May 04, 2021
Recent analysis from Vizient and the Association of American Medical Colleges (AAMC) highlights how health care providers transformed to meet patient needs during the COVID-19 pandemic.
Prior to the pandemic, telehealth represented just 0.3 percent of ambulatory patient visits. By January 2021, about 22 percent of ambulatory patient visits took place via telehealth, according to the report.
“Overall, the pandemic has increased the level of comfort with telehealth for both patients and providers,” said David Levine, MD, FACEP, group senior vice president, advanced analytics and product management for Vizient. “We believe the expectation by patients is these services will continue to be available with increased usage across many specialties.”
The report from Vizient and AAMC studied 66 million patient visits across 96,500 providers, showing the widespread adoption of telehealth across the health care community. Specialists in behavioral health and neurology have retained the largest share of their virtual care, with 68 percent and 40 percent of visits happening via telehealth during January 2021, respectively.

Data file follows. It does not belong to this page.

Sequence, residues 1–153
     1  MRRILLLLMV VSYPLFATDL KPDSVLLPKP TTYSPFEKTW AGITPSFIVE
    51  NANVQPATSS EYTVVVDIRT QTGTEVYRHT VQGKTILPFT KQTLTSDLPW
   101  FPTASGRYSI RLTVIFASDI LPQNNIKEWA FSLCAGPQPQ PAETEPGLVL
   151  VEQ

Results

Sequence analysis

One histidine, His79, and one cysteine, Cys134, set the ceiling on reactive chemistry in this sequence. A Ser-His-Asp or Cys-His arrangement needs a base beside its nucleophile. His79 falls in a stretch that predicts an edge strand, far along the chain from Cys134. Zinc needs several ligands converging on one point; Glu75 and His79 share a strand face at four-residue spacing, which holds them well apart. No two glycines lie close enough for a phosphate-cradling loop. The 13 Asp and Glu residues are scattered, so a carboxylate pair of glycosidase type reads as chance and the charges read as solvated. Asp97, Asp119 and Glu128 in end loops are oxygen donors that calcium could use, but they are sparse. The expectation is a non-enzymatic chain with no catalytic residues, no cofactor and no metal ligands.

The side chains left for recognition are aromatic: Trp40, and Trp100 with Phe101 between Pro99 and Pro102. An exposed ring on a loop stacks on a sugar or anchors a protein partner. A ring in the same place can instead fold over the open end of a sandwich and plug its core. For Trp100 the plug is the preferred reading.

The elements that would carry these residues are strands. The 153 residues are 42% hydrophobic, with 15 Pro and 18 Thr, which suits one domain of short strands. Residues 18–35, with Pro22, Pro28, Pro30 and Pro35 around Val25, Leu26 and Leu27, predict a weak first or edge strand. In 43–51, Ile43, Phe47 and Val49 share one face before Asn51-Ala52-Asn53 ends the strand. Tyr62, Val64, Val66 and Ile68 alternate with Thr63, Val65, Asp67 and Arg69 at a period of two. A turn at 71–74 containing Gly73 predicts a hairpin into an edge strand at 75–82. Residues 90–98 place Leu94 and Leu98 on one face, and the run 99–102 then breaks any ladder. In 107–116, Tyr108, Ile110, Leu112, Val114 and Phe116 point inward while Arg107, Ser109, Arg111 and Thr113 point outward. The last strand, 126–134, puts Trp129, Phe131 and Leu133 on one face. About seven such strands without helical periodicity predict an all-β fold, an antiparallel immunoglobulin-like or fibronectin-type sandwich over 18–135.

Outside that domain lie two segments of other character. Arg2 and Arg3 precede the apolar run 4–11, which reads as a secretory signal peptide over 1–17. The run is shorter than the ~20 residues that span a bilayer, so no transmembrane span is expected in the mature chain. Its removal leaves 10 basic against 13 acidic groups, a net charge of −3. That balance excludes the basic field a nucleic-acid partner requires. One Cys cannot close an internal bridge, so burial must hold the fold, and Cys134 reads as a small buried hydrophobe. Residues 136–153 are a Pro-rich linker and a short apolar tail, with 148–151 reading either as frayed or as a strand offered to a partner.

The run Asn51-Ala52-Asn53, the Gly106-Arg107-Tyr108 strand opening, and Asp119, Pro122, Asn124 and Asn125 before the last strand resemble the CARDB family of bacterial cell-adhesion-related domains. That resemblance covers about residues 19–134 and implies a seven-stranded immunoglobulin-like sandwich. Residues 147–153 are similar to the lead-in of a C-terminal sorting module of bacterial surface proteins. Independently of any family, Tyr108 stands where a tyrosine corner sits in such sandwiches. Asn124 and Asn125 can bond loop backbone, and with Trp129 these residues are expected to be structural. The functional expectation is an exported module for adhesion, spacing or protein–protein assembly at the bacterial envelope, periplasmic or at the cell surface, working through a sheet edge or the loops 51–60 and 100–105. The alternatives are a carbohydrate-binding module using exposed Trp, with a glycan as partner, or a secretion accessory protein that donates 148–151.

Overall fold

Among the key takeaways from the report:
At the outset of the pandemic, state and federal waivers and flexibilities expanded access to telehealth, allowing patients to access appointments from their homes and increasing the list of providers who were able to see patients virtually. These changes have ensured safe care and helped patients connect with their providers.
During 2021, HAP will continue to advocate for telehealth policies and legislation that build off the progress from the past year and improve access to outstanding care.
For more information, contact Kate Slatt, HAP’s vice president, innovative payment and care delivery.
Tags: Access to Care | Telehealth | COVID-19
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